Workplace Culture Shock

Fear of the unknown. That is sometimes the phrase that captures the essence of a new intern in any new space. You have a ball of emotions in your stomach mixed with a little anxiety, a little self-consciousness, excitement, hunger (not the stomach growl kind), and eagerness. You hope they like you. You hope you like them. It can be gut wrenching, but here are some tips that can help with that transition:
 1.     Do your company research: So chances are you probably did this before you got the internship, but dig deeper. Look up some of the employees on LinkedIn and find out about other things they’re affiliated with. I promise this will make sense at the end.
2.       Write down your goals and visions before you walk in on your first day:This sounds super corny, but it’s like writing a script. Everyone’s going to ask you about your background and where you see yourself and the last thing you want to do is stumble like you have no clue. That 30-60-90- plan? Yea, that’ll come in handy. Read it over in the mirror before you leave. Be convicted in your talents!
3.       Write down a list of things you absolutely hate doing or are scared to do: This will help you tremendously. Some great words I got once from someone were “just because something isn’t what you like or doesn’t align with your personal
beliefs, doesn’t make it less valuable”. An internship is about expanding your skill set and bettering yourself. Tap into those things you’re scared to do. Treat those things as muscles you haven’t worked out. In a nutshell, don’t let fear paralyze you.
4.       Find a commonality with each person: this ties into the social media stalkingresearching of the people you’ll work with. One of the key things to building lasting relationships is finding a commonality. If you have a little background information, you’ll have leverage to strike up conversation. Keep going it gets better, promise.
5.       Listen: No seriously, be quiet and listen. You’ll learn so much from having those informal conversations about people and just letting them tell their story. Not too many people get the opportunity to tell their story and you’ll find a valuable lesson in those stories. When I started Bravo, I got to see the passionate journalist gleam out of our Public Relations Director and I got to tap into the super talented side of our Creative Director by just listening. You can also tell who can give you insightful information. People like that followed their dreams and have the greatest stories.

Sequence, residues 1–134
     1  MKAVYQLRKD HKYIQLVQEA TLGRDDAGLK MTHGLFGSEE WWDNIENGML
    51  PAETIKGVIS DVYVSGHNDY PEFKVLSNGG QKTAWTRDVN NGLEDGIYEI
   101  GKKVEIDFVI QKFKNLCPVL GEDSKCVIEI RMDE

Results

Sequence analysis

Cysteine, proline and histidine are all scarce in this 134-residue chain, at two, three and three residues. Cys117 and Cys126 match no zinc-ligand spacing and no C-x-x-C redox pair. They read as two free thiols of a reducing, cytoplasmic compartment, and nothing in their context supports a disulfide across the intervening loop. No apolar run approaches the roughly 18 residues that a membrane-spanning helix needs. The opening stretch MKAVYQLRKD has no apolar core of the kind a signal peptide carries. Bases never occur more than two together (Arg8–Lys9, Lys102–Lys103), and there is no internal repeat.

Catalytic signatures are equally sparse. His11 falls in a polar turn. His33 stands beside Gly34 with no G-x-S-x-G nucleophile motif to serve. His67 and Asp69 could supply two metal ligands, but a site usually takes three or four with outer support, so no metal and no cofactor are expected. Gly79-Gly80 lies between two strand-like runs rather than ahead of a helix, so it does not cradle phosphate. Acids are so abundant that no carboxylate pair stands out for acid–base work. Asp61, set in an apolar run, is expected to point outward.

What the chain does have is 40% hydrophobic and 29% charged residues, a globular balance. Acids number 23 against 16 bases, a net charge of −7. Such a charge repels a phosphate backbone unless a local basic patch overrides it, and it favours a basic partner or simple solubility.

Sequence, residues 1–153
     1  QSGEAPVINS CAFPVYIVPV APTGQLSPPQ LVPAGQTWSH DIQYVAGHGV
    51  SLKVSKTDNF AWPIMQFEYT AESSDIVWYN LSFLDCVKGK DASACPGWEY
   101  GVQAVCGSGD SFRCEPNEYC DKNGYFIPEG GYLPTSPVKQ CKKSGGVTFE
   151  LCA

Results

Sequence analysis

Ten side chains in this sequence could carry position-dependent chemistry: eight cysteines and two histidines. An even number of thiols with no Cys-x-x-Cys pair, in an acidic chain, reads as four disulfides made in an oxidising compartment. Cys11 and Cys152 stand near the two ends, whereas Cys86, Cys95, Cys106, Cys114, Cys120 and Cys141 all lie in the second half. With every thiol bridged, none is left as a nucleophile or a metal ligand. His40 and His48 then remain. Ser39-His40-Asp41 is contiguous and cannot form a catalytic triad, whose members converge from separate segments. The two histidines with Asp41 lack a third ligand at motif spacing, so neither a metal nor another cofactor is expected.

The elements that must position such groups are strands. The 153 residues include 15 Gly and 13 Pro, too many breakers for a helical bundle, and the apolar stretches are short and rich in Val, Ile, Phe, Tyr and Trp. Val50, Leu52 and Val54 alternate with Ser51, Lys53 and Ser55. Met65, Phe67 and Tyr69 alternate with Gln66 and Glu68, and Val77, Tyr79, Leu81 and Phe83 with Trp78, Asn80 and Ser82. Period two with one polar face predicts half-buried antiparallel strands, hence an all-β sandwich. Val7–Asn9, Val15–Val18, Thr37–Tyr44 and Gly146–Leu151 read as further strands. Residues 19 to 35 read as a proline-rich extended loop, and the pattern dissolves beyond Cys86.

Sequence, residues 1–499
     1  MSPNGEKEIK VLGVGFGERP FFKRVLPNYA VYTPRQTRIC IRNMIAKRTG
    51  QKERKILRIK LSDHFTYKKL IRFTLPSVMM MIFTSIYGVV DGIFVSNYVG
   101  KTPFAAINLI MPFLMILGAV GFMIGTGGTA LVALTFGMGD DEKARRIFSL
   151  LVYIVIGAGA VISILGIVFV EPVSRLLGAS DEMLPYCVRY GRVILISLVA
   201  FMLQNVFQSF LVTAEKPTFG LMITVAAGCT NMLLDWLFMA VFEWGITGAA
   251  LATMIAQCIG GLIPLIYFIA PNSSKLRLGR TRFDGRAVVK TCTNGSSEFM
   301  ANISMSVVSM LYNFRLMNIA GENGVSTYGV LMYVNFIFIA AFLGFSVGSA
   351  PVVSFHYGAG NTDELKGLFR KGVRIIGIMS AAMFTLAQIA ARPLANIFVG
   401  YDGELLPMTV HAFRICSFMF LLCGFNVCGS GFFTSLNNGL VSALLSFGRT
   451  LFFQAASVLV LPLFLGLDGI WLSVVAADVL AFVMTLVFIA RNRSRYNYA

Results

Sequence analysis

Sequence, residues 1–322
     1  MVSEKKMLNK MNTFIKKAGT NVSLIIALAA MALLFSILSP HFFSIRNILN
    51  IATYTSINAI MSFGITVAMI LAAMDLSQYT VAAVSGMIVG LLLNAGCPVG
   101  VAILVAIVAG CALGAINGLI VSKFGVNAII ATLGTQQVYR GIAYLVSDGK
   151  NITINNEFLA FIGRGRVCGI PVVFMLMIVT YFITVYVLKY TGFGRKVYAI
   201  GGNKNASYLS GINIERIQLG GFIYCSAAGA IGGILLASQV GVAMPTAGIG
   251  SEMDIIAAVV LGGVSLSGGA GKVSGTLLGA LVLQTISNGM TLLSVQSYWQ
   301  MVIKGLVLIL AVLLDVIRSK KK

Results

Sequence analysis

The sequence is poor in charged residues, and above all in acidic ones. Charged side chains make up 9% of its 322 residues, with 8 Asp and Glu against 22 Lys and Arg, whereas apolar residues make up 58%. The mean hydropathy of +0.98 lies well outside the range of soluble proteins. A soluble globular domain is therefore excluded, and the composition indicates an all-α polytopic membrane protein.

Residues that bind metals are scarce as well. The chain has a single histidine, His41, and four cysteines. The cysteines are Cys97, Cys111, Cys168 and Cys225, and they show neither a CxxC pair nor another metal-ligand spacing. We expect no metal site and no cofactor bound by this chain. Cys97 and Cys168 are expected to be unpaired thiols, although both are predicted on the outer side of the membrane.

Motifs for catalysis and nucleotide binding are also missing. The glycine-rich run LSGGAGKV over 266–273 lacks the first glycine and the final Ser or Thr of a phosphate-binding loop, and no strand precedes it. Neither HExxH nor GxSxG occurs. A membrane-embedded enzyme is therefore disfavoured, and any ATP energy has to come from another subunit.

6.       Walk away from your desk: Don’t be the wandering intern that needs an electronic monitoring device, but feel free to take five minutes to talk to people in the office. It will be awkward at first, but remember, don’t let fear paralyze you. 
7.       Ask questions: People in the office will tell you to ask if you don’t know (or maybe not), but ask informal questions like why this building? What did you do before you worked here? This shows that you are eager to learn more about those that make up the company rather than just resume build. 
8.       Make your intentions known: I wouldn’t recommend being overly aggressive, but remember those goals and visions? Keep them nearby. If you want help perfecting your resume or want to strengthen your writing, say that. Close mouths don’t get fed. If you added the years of experience in the Bravo building you’d probably have experience the same age of America (OK I’m exaggerating), tap into that awesome resource! When you get the opportunity to sit down with your supervisor spell those goals out so you have something tangible.
9.       BE YOU! Who got you here? You did! Being you can add an awesome dynamic to the workplace so let your light shine through (a tad cheesy, but cheesy is good). Smile when you enter and smile when you exit so that you are remaining positive and showing you are excited to be there. It’ll attract positive energy.
Iron SignOK so you got some tips, grab your stilettos or loafers, your notepad, and be awesome on purpose!
Later,
Minette
Advertisements

Leave a Reply

Fill in your details below or click an icon to log in:

WordPress.com Logo

You are commenting using your WordPress.com account. Log Out / Change )

Twitter picture

You are commenting using your Twitter account. Log Out / Change )

Facebook photo

You are commenting using your Facebook account. Log Out / Change )

Google+ photo

You are commenting using your Google+ account. Log Out / Change )

Connecting to %s